Of course, individuals and farms aren't the only recipients of Washington's largesse. In fact, plenty of that funding is, literally, for the birds.

Seven "habitat foundations" made EWG's Top 40 list for Chicago subsidy recipients. These include the Green Wing Teal Habitat Foundation, Blue Wing Teal Habitat Foundation (why save birds with one wing color and not save birds with a different wing color?), Ringbill Habitat Foundation, Wood Duck Habitat Foundation, Gadwall Habitat Foundation, Pintail Habitat Foundation and Mallard Habitat Foundation. EWG says these conservation groups have pulled in more than a million dollars combined in federal farm subsidies the last three years.

All these groups have something in common: They're all part of the Wetlands Initiative, a non-profit organization founded in 1994 "to focus restoration efforts and funds on reversing the environmental damage created by the drainage of wetlands in the upper Midwest."

Now, it may be a great idea to protect wetlands. And, if private individuals want to come together and invest money for that purpose, more power to them. But that's not what's happening here. Instead, federal farm subsidies are being spent to take farmlands out of production and turn them into wetlands for waterfowl.

Not surprisingly, lawmakers don't like to talk about these projects when they discuss farm policy. Instead, they talk about how they're helping family farmers, the type of hardworking Americans who built this country. But the unfortunate fact about farm subsidies is that they go mostly to big agribusiness and politically connected individuals -- including many in Chicago and around the country.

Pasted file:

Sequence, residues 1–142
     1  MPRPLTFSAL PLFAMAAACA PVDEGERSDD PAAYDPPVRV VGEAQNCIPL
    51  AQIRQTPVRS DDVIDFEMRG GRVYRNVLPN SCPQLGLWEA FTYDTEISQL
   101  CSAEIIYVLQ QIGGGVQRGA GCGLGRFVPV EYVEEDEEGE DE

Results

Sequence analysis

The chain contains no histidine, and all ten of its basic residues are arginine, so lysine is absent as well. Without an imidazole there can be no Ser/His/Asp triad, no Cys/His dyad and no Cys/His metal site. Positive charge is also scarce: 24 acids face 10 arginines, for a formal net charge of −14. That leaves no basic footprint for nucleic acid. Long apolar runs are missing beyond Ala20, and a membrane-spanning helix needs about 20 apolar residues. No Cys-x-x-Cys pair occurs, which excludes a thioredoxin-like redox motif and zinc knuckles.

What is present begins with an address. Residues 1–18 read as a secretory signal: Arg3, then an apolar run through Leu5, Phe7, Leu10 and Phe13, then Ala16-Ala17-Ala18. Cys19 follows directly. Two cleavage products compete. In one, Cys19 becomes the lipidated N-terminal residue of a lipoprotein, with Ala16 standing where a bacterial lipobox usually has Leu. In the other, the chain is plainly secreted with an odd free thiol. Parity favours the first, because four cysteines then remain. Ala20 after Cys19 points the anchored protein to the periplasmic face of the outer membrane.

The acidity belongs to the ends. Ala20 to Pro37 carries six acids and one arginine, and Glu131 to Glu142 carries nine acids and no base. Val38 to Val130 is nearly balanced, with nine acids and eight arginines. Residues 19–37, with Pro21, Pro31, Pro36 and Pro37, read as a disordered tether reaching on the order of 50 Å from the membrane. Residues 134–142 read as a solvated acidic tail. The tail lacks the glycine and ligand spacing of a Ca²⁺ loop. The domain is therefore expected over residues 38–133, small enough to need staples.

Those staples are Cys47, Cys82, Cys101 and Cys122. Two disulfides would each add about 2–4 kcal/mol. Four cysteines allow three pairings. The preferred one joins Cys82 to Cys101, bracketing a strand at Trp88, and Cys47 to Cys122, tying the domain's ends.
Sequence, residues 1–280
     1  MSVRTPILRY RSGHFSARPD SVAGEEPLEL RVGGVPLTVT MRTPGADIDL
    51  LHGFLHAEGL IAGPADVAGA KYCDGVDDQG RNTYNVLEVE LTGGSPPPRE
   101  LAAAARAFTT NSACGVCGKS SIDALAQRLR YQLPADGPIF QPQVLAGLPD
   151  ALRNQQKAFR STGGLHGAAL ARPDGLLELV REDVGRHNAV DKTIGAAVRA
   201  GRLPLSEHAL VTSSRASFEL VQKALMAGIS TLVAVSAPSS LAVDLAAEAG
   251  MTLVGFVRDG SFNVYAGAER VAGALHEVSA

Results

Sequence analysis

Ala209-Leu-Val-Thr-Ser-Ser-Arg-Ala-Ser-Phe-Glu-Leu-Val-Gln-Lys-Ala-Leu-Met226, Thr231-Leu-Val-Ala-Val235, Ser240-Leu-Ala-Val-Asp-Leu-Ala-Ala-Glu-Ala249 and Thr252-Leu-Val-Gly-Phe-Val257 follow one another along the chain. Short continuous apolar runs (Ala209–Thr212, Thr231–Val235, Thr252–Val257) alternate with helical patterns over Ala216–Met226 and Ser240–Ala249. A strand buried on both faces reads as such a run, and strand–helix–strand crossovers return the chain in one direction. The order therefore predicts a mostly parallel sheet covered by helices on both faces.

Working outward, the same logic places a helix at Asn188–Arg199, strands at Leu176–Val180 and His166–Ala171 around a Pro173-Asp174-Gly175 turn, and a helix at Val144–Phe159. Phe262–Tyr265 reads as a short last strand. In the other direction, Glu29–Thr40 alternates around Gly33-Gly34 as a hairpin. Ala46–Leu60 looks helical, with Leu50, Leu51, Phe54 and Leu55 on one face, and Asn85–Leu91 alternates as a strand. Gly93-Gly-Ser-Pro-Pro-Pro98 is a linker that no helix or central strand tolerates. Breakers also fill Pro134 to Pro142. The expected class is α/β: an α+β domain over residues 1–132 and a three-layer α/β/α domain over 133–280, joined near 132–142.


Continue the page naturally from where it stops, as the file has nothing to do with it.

And we taxpayers are picking up the bill. Farm subsidies cost the average household $216 in annual taxes along with $104 in higher food prices.

Money doesn't grow on trees. In fact, with farm subsidies, you don't even need soil to grow money -- just a willing federal government.

It's time to make America green, by ending foolish farm subsidies and once again giving our citizens the freedom to farm, without the meddling of a federal government that can't tell the difference between a city condo and a cornfield.

Ed Feulner is president of The Heritage Foundation.

About the Author

James Sherk Research Fellow, Labor Economics
Center for Data Analysis

Related Issues: Jobs, Jobs and Labor Policy